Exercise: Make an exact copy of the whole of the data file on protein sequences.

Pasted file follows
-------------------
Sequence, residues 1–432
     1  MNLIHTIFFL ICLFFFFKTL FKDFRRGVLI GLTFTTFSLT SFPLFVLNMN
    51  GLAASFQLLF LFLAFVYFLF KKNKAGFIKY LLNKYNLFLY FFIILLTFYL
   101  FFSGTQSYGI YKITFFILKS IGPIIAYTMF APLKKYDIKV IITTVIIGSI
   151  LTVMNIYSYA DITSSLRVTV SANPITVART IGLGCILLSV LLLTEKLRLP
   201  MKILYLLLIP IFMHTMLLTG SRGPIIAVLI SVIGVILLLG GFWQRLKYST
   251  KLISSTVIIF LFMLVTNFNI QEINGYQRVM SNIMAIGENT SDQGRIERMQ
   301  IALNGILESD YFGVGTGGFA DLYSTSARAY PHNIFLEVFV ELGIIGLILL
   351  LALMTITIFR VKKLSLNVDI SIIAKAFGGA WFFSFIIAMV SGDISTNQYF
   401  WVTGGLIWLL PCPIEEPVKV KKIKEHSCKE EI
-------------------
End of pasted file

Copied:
Sequence, residues 1–432
     1  MNLIHTIFFL ICLFFFFKTL FKDFRRGVLI GLTFTTFSLT SFPLFVLNMN
    51  GLAASFQLLF LFLAFVYFLF KKNKAGFIKY LLNKYNLFLY FFIILLTFYL
   101  FFSGTQSYGI YKITFFILKS IGPIIAYTMF APLKKYDIKV IITTVIIGSI
   151  LTVMNIYSYA DITSSLRVTV SANPITVART IGLGCILLSV LLLTEKLRLP
   201  MKILYLLLIP IFMHTMLLTG SRGPIIAVLI SVIGVILLLG GFWQRLKYST
   251  KLISSTVIIF LFMLVTNFNI QEINGYQRVM SNIMAIGENT SDQGRIERMQ
   301  IALNGILESD YFGVGTGGFA DLYSTSARAY PHNIFLEVFV ELGIIGLILL
   351  LALMTITIFR VKKLSLNVDI SIIAKAFGGA WFFSFIIAMV SGDISTNQYF
   401  WVTGGLIWLL PCPIEEPVKV KKIKEHSCKE EI